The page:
You can choose between a common snapping turtle or an alligator turtle. But in any case, I will always advise you to raise this species in an outdoor pond.
It is reasonable when you think of the growth rate of these pets. The common snapping turtles get about 14 inches big, and the alligator turtles can reach a beast size of over 26 inches.
How do you plan to manage this enormous space indoors? Even if you can, the snapping turtles only open up in the outdoor ponds. Of course, the indoor tanks are suitable only for babies and juveniles.
It is crucial to maintain a healthy temperature inside the snapping turtle pond (75F to 90F) and provide the turtles with exactly what they want. Experimentation will only make the pets stressed and vulnerable. And you know what a threatened snapping turtle does? It will attack humans and never hesitate even to bite a finger off.
8. European Pond Terrapin (Emys Orbicularis)
Even though the European pond terrapins are native to Europe and Africa, they have adapted well in the USA.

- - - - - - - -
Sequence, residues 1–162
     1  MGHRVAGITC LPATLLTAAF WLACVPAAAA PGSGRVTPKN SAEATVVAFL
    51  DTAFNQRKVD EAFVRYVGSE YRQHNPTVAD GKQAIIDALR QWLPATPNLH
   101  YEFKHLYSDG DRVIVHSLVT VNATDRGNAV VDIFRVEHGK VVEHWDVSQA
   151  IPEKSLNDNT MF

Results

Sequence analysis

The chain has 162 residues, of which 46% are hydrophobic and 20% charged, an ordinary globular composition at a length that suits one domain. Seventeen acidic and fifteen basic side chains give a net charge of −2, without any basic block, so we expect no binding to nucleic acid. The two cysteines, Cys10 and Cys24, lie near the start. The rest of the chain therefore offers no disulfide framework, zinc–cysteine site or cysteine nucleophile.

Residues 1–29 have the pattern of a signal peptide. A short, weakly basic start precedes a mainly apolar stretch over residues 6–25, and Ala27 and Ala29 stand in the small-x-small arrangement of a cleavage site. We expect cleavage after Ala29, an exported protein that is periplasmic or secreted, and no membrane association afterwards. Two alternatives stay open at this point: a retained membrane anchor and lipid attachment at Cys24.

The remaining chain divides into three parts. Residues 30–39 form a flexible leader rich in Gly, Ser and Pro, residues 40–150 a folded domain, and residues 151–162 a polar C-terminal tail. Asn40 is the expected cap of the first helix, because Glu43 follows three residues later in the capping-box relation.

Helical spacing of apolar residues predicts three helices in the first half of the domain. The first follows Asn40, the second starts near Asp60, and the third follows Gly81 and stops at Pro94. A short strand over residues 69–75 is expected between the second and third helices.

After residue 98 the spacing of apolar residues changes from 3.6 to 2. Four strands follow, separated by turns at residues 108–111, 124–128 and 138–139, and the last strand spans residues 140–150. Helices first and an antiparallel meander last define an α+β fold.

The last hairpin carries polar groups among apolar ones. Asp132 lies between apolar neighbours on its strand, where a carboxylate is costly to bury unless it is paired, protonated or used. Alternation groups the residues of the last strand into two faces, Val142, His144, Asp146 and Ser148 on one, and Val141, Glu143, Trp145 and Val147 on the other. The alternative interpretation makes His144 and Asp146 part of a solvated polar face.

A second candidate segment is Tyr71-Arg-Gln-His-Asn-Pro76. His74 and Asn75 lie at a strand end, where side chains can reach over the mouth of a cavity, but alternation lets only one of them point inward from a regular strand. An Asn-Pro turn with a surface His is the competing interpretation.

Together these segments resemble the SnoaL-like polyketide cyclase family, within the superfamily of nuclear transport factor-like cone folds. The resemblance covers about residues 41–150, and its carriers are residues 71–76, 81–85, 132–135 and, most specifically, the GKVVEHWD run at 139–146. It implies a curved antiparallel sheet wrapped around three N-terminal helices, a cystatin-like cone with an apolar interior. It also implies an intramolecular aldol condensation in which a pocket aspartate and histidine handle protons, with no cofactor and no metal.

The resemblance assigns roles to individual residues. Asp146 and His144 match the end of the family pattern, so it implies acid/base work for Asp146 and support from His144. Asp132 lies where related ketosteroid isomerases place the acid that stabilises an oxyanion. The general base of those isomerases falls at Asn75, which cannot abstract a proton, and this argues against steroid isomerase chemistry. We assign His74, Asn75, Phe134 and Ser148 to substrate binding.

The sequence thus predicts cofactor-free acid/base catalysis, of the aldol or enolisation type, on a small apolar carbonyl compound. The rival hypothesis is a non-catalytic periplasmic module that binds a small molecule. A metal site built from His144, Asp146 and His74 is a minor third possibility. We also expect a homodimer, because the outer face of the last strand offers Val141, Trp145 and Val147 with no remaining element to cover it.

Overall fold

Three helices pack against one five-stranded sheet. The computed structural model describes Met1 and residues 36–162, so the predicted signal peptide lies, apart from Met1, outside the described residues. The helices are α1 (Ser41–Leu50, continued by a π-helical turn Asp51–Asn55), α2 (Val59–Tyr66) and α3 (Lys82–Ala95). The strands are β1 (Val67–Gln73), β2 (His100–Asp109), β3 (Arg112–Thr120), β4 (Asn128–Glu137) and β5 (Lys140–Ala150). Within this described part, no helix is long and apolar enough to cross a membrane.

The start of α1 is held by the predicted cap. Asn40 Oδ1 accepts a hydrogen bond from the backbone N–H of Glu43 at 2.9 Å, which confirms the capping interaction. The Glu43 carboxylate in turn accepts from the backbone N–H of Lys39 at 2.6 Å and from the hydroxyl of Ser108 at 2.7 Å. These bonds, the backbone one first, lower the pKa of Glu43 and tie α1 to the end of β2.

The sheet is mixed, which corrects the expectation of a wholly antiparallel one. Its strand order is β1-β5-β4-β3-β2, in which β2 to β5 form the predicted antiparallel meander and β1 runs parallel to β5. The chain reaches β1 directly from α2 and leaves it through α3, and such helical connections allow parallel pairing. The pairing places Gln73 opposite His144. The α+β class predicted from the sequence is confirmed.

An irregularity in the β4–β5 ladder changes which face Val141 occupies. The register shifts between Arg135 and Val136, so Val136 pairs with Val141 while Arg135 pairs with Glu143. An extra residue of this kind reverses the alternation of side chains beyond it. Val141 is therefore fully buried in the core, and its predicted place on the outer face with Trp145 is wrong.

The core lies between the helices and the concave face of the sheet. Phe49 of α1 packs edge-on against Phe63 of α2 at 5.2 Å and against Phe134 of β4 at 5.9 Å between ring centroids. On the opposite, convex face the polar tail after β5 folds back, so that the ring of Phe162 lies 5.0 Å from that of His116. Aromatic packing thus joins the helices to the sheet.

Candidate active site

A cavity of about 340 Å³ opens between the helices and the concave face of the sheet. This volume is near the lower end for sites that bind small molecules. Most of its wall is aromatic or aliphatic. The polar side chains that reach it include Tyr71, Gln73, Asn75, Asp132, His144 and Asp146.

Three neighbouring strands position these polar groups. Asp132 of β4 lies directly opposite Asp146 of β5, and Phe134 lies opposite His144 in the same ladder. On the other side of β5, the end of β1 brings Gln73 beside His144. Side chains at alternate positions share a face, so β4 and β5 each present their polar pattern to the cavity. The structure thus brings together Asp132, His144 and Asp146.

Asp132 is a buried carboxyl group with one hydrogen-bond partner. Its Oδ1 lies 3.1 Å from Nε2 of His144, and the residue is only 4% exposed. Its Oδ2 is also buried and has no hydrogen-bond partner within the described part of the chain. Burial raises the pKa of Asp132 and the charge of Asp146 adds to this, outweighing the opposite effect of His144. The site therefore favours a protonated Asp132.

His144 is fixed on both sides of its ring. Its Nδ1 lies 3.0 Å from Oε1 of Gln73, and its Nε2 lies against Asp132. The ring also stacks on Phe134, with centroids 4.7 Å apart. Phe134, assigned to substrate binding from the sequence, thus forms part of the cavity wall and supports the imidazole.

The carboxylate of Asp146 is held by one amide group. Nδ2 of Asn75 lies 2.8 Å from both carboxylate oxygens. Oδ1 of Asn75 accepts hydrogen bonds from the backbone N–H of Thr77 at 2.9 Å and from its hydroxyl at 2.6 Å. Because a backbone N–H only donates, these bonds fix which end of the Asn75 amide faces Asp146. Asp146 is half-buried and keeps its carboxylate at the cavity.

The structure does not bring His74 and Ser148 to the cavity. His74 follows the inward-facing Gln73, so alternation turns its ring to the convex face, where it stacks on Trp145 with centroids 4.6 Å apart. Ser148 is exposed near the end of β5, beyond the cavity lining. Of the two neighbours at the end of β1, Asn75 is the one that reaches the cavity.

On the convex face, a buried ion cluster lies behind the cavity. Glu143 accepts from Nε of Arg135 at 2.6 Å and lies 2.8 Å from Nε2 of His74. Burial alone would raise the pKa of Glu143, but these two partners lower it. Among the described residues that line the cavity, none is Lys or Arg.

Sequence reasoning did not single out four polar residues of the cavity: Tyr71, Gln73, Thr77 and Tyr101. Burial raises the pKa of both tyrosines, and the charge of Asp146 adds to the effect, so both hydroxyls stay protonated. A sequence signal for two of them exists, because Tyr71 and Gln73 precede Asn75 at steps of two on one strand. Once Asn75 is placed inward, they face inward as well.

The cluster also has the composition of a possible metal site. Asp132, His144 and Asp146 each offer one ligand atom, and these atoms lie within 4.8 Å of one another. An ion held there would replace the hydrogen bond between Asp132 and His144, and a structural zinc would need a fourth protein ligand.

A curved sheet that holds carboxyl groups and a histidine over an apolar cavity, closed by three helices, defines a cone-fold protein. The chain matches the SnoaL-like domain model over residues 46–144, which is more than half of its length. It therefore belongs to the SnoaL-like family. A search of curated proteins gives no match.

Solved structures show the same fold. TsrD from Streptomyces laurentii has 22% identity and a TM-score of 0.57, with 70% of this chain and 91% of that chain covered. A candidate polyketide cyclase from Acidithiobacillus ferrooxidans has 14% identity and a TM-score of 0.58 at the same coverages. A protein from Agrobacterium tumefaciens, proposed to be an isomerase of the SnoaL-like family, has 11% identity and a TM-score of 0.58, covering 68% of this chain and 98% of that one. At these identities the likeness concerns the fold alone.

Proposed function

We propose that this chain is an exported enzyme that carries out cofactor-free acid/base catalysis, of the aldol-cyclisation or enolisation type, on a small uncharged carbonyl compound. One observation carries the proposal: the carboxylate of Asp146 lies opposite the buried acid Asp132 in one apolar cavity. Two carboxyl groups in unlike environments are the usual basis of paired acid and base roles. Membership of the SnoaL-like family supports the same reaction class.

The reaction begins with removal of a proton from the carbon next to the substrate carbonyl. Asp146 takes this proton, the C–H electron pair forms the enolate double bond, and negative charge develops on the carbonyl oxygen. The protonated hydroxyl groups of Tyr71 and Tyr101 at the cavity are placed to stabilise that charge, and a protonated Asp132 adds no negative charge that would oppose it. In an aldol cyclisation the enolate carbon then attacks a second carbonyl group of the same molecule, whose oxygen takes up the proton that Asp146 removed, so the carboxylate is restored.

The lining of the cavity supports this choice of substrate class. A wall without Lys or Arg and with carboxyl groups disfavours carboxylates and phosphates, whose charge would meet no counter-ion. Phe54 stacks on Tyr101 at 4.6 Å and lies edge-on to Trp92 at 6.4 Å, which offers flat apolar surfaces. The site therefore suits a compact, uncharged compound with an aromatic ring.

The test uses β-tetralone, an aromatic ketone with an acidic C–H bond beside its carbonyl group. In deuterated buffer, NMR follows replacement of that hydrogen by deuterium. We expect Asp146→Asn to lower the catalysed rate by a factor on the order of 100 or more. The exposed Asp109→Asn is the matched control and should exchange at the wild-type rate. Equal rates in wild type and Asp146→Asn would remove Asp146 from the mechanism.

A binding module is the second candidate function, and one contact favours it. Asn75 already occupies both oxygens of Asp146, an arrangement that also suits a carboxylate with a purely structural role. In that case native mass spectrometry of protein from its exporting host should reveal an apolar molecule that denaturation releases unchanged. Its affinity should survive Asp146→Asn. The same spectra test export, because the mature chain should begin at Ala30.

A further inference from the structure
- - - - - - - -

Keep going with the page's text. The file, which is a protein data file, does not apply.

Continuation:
This is the best species to keep in a garden pond. While you must move most of the turtles to an indoor setup in the winter, European pond turtles can live outdoors all year round.
So, less hassle, you see?
Keeping the European pond turtle in an indoor aquarium can be a struggle. The species can grow up to 15 inches. Where will you put that 150 to 175-gallon tank? When building an outdoor pond, managing space is the least of your problems.
Besides, these turtles enjoy an open environment. They can soak in direct sunlight and swim in a suitable temperature range (80s to 90s).